With great power comes great responsibility
And everything boils down to one constant; you the ‘donor’. Ultimately it is your engagement that drives all these requirements. Your interest in the cause; your willingness to read through the story; your perception of feeling that your contribution will go to something worthy; the satisfaction you derive from making the donation; your willingness to take 2min to share the post with a meaningful text that will engage those who know you; your choice to take a leap of faith early on in a campaign even if momentum hasn’t already been built by the number of other donations that have been made.
I wonder sometimes if we really recognise the importance of the responsibility we have when we make a choice to donate to charity. Because it really is much more than just a donation that we make as a one off gesture. What it is really about is the way we chose to engage.
I wonder sometimes, in a world where all things being equal, if a kids campaign could be as successful as that of donkeys. On most days I think not. Donkeys after all are far more helpless – kids have their parents/family to take care of them – and therefore more in need of the help of a kind stranger. They make for a more compelling story (“once the work-horses (no pun-intended) of the community, now abandoned in a harsh environment“). Or at least for a story with a twist, something that we don’t hear every day that spikes our senses otherwise dulled by 24hr news cycles. I already see my family and friends roll their eyes at this point and ask the logical question: “why then do FieldWorks?”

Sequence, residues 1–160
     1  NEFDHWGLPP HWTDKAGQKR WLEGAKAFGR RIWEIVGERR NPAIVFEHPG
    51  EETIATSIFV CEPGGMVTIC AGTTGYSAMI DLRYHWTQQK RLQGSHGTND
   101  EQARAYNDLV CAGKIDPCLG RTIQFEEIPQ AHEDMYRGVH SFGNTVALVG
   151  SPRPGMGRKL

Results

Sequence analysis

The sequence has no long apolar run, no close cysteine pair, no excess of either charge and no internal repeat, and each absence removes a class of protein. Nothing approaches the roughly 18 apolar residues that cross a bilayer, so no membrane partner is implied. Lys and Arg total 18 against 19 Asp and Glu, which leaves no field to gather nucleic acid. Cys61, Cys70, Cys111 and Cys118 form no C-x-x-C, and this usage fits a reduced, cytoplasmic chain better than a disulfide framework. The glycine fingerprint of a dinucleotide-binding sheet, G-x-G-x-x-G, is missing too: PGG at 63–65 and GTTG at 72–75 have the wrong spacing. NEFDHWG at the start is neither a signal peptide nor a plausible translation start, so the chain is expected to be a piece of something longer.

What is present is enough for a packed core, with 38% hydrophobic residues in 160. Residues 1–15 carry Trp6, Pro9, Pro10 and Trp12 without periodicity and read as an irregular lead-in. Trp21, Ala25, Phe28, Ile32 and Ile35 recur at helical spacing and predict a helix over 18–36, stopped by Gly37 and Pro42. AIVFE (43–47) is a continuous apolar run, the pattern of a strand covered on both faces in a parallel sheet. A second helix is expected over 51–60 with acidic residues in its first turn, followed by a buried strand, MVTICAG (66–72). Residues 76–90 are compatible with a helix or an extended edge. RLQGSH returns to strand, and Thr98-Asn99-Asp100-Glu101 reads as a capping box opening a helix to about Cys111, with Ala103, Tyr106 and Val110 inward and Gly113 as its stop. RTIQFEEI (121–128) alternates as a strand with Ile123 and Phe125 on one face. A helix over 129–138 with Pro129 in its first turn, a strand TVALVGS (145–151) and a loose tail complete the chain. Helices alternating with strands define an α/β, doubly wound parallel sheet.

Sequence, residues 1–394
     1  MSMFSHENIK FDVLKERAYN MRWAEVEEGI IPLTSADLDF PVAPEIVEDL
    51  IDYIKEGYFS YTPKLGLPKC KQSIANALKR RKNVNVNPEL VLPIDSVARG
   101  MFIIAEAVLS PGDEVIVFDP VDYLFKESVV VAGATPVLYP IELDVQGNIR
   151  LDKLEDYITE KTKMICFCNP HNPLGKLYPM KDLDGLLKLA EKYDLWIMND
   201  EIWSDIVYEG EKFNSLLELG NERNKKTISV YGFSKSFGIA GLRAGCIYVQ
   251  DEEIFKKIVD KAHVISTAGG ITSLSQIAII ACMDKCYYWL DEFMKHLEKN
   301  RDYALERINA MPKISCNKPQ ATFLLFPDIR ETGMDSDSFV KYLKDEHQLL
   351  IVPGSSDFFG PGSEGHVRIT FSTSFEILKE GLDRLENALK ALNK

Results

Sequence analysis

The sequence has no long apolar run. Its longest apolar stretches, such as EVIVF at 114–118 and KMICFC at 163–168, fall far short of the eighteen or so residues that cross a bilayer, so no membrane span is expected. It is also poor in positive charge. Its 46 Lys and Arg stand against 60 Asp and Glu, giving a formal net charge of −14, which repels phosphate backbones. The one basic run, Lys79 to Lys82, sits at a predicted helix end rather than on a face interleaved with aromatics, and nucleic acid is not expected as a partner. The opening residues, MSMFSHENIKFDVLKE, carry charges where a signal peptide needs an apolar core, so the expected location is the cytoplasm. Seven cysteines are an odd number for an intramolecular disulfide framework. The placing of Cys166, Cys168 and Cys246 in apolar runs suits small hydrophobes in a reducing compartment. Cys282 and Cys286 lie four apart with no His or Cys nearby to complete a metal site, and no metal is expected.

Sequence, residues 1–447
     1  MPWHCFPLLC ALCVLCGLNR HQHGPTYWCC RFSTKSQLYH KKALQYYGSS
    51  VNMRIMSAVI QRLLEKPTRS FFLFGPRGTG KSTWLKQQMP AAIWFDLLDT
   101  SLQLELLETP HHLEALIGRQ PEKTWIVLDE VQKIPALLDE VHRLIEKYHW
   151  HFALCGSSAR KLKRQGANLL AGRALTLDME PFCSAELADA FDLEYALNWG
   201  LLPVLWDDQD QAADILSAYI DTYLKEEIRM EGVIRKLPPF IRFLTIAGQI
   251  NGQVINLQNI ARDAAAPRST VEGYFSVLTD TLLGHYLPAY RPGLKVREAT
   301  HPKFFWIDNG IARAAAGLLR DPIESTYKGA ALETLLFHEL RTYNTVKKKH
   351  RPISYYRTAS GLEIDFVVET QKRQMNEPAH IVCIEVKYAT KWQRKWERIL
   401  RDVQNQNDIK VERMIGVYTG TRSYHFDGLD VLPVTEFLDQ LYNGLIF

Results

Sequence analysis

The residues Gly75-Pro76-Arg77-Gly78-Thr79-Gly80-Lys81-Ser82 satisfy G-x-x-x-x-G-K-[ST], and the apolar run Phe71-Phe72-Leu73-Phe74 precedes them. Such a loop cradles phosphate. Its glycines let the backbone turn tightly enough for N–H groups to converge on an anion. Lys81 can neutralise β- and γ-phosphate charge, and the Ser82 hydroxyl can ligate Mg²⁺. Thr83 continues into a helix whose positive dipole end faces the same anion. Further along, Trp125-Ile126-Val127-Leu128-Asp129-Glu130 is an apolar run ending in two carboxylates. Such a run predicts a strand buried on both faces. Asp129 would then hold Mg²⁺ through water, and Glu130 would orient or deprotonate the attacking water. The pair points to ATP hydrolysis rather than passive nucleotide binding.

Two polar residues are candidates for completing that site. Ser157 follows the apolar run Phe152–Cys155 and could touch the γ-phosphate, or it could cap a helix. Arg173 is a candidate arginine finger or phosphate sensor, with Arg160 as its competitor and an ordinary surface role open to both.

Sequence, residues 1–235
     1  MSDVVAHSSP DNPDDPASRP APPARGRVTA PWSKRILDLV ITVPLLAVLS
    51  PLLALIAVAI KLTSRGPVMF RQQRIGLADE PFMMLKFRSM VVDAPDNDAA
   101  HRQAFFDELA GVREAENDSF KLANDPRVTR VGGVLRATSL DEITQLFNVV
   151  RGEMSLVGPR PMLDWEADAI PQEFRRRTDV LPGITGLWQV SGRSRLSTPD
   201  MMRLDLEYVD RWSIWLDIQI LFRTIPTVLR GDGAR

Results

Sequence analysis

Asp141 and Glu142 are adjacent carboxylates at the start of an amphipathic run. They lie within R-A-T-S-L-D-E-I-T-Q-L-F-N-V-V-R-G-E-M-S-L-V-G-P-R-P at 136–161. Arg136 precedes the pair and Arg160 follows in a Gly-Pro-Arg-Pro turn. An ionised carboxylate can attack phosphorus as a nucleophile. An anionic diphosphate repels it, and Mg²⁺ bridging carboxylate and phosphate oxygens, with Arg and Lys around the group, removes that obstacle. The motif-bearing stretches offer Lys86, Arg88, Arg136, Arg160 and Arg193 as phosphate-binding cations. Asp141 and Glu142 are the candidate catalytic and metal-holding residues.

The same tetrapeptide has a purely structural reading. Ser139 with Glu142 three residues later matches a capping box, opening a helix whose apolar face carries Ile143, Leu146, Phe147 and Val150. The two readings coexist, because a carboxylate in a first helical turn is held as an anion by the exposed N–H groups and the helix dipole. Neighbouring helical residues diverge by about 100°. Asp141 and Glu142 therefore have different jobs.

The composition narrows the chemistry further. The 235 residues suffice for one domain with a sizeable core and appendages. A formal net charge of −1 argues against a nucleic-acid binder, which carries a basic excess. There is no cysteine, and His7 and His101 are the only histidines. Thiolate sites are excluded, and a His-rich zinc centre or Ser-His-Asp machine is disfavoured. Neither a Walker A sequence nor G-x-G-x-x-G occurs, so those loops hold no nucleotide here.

As much as I moan about humanity, I do deep down believe that we are capable of doing great things that benefit all – both kids and donkeys! Its hard these days to hold onto that belief. But I hope that a few of you who have followed these posts over the past 23 days will be inspired to pick up the cause of one of the organisations you’ve encountered here. Even if its not one of these organisations I hope that whoever you do choose, you don’t just donate and metaphorically walk away. I hope you share what the cause means to you with others in whatever way makes sense to you. And over the course of 2018 that you return to their websites, facebook or instagram pages and follow up on what they are doing. Because change doesn’t happen overnight and your donation will need to be followed up at some point.
Before I end, I return to where i started off. If you liked what you see about MMCC, they are running a winter campaign right now for another 9 days. You can donate to them here and even if you don’t donate, take a look anyway. They’re currently just under 50% funded. Please do help them reach and even surpass their modest 5k goal.
I wish you all a very merry christmas & I hope these posts were useful in helping guide your giving this Christmas season.
For 2018 I hope that you all find a cause that you choose to be part of, because it really is an incredible thing to be part of something where you actually have a chance to build a relationship with those on the other end of the line.